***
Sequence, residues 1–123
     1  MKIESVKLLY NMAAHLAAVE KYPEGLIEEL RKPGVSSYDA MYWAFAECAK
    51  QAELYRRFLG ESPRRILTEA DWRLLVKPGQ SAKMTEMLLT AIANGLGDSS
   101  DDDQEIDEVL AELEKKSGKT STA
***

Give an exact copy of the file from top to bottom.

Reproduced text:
Sequence, residues 1–123
     1  MKIESVKLLY NMAAHLAAVE KYPEGLIEEL RKPGVSSYDA MYWAFAECAK
    51  QAELYRRFLG ESPRRILTEA DWRLLVKPGQ SAKMTEMLLT AIANGLGDSS
   101  DDDQEIDEVL AELEKKSGKT STA